Now I’m going to post this and reward myself with some arcade time – the game room here actually has a working Side Arms – Hyper Dyne, which Aaron and my brothers and I used to LOVE playing at Aladdin’s Castle in the mall (sadly, the Pole Position game has sound but no picture) – and maybe even some ice cream after that. Here’s the view from my campsite:

June 26, 2010 Posted by | Games, geek, Travel, video games | , , , , , , , , , , | Leave a comment

Heading back home

San Diego and the gymnastics meet – which was only yesterday – already seem a long way behind me, and not just in that 400-road-miles way. It’s strange knowing that Jenn and Kelsey are already back home asleep in Ohio, but at the same time, I like that I’ve got this drive ahead and the time it will give me to mentally revisit and unpack my memories and thoughts from the trip.

So I left San Diego this morning around 8 a.m. after dropping mom & Jeff & Jenn & Kels at the airport, and over the next couple hours, I realized that I really love the Interstate 8 drive between San Diego and El Centro. I mean, there’s about 5 different kinds of mountains and vistas in there, and it would be awesome to spend a week just driving and shooting photos of the region at all different times of the day.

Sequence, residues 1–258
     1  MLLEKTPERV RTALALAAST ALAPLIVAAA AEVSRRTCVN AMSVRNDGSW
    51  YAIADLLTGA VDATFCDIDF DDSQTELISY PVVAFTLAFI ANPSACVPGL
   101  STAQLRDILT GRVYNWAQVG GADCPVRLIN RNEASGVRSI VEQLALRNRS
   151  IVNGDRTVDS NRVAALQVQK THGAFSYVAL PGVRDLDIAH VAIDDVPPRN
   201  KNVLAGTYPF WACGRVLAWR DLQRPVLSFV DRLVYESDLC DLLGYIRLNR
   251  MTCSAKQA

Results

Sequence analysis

I mean, you go from scenes like that one up into these towering, rocky piles, and then there’s this absolutely breathtaking drop on the eastern edge, and you come twisting out of the hills to find the desert seemingly miles below (it’s less than 4,000 feet, though), and spreading to the horizon. This doesn’t do it justice, since I was almost all the way down when I took it:

I took a different route back after El Centro, though, and did most of today’s driving off the Interstates and on two-lanes that took me through some neat places like the Imperial Dunes recreation area –

– and a long stretch of single-intersection “towns” in southwest Arizona often consisting of sparsely-populated RV parks and maybe a restaurant and convenience store. Abandoned places, too: Clusters of homes and buildings just left vacant that made me wonder at what point someone last lived there or when it was that a person finally walked out those doors for the last time.

This afternoon, I had the great pleasure of finally meeting another fellow GeekDad writer, Jenny Williams, and her husband and family, who very generously and graciously arranged for tonight’s accommodations here near Prescott. Games – there was Super Circles, and Go Fish and TransAmerica and Chronology – and a marvelous dinner of lasagna and some brownies to die for, I tellya, and the whole evening flew by in a flash of nonstop talking and playing and fun, and once more I marvel that I have had the good fortune to come to know such excellent and kind and generous people who truly made me feel welcome.

We looked at the stars outside for a few minutes, and though they stretched from horizon to horizon, I could also imagine them over the smaller patch of sky in my backyard, bordered by familiar trees and rooftops. Home seems far away and still close in many ways.

June 26, 2010 Posted by | Games, geek, Ohio, Travel, writing | , , , , , , , , , | 2 Comments